Mission: Advocate and offer social service opportunities for all southeast alaskans, emphasizing social justice and compassion.
Programs: Southeast senior services: through its southeast senior services division, catholic community service promotes the health, independence, and quality of life of seniors living in southeast alaska. The nutrition, transportation and services grant and partnerships with local tribes and communities provides the means for the agency to provide 1,662 seniors with over 110,467 hot, nutritious meals through the network of 12 senior centers. Over 1,411 seniors and people with disabilities obtained over 94,010 rides in order to access vital community resources.
child care and family resources: catholic community service provides children's behavioral health services under the auspices of the a healthy future program (focusing in therapeutic foster care and related clinical and rehabilitative services for severely emotionally disturbed children) and the eclipse program (focusing on clinical and rehabilitative services for very young severely emotionally disturbed children). In fy 2014 the program provided an estimated: 2,891 days of therapeutic foster care, 36,239 15-minute units of rehabilitative service, 5,935 30-minute units of clinical services; 5,798 15-minute units of case management services and behavioral health services provided to 114 unduplicated children.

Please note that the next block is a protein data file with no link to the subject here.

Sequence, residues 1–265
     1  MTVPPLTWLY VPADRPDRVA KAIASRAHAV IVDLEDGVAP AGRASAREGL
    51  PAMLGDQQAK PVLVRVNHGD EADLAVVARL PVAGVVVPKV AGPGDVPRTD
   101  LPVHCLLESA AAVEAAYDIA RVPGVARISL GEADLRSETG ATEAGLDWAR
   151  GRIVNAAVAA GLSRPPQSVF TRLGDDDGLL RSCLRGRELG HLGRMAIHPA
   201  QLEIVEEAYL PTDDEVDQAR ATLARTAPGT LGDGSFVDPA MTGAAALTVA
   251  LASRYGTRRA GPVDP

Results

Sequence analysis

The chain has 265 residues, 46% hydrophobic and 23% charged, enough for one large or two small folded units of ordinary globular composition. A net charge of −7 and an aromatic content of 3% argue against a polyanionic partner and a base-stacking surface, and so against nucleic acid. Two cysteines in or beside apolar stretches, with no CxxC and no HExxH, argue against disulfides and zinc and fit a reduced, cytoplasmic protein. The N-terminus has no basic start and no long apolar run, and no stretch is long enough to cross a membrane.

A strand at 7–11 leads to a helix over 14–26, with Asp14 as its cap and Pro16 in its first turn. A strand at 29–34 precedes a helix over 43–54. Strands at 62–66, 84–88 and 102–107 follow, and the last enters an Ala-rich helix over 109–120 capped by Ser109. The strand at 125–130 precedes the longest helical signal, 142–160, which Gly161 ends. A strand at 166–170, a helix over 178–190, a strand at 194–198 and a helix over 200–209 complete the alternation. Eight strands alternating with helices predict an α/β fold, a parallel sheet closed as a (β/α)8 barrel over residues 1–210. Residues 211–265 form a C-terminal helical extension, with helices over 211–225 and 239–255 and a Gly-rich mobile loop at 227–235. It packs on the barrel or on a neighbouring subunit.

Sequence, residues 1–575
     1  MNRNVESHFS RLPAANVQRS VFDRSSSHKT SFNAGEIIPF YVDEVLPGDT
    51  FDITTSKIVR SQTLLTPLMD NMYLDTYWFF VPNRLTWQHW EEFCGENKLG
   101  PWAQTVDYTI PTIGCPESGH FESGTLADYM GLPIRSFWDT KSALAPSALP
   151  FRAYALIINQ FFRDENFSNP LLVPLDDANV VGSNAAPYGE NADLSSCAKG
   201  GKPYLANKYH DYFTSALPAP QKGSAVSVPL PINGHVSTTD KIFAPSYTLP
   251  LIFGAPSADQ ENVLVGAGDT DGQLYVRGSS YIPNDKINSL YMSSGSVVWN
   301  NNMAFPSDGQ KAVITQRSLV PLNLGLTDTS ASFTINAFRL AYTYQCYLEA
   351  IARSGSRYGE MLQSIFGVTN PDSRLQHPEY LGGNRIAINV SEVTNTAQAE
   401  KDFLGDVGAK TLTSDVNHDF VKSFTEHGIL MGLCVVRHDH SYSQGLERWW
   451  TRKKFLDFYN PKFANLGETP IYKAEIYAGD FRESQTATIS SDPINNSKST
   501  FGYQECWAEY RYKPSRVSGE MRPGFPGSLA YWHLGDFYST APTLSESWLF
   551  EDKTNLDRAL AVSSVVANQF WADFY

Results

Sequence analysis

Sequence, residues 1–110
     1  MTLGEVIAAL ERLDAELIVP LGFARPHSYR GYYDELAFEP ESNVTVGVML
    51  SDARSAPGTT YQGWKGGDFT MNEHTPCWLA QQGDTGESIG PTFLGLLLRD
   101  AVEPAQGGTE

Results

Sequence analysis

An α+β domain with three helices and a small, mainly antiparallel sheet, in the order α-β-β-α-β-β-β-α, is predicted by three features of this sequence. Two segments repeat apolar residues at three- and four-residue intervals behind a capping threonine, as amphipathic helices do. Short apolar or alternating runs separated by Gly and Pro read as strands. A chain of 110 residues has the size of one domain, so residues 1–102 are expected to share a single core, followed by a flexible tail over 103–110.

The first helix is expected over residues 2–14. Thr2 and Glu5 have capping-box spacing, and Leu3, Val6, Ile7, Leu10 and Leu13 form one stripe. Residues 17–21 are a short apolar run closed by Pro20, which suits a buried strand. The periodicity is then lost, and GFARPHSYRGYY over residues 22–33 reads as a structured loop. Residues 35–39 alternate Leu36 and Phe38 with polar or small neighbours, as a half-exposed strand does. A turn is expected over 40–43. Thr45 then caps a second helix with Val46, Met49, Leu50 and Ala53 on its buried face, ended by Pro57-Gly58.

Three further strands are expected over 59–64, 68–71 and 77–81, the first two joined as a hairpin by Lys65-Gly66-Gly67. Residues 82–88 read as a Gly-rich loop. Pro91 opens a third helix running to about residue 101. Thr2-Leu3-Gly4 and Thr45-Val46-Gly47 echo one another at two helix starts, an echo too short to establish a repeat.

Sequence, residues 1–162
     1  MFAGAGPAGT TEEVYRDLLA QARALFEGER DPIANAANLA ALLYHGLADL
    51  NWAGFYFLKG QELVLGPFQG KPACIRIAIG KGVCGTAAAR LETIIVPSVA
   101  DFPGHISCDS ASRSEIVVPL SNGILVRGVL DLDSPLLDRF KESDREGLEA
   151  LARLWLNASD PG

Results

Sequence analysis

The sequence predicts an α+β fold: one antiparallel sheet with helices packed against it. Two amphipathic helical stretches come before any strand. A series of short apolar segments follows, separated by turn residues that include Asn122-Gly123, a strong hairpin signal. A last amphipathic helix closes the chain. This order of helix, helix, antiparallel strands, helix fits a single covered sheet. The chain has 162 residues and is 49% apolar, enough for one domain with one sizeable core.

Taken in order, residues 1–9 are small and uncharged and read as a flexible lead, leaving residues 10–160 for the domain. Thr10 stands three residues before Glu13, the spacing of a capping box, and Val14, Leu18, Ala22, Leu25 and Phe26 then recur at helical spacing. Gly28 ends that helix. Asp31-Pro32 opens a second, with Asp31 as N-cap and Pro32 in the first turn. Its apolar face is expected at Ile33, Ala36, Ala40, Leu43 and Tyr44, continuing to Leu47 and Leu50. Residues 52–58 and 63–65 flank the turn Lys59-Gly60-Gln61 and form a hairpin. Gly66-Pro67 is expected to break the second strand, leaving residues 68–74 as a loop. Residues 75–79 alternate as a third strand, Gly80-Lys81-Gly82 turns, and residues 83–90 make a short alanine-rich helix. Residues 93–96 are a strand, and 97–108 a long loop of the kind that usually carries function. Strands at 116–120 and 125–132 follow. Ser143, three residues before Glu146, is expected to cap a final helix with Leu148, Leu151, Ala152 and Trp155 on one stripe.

hospice and home care: provides nursing and therapy services for homebound patients and care for the terminally ill and their families at home or in a home-like setting in juneau, alaska. Number of clients receiving care and services during this reporting period is 226 unduplicated patients plus 26 repeat patients for 3,698 nursing and therapy visits.
She had gobs of black liner, wrinkles beyond her age and tattered cloths, but her eyes, her eyes would not leave me as I placed a pastry on her paper plate. My eight year old daughter asked her if she'd like another, as she slowly bent down at the Salvation Army, she said no thank you, how about you give it to another in line. She smiled as she left with her plate and said, "thank you for bringing your daughter to the soup kitchen."
My fourteen year old son was serving plates of apples and applesauce at the end of the line. He told me later that so many (hundreds) didn't want the delicious fresh apples he had cut. No, he said their teeth were too rotten and one has said it hurt to eat. They wanted them, but fresh apples hurt too much to chew.
After gathering our pastry cart, withthe two hour free dinner for the homeless finished in Olympia, I got a tap on the shoulder and the most beautiful look from behind smeared eye makeup and leathery skin. "God bless you Ma'am for helping, and for bringing your children here." And that. That look of thanks, That understanding my son has if not being apple to eat apples due to teeth aching constantly. That lifting of fear of pealed away from my eight year old daughter, when she sees another woman on the streets going through a garbage can with black smeared makeup. I know compassion is taught, as it is learned, and no thanks is more heartfelt than helping someone understand need. The kids asked if we could go help next week. And my heart is full as a Mom.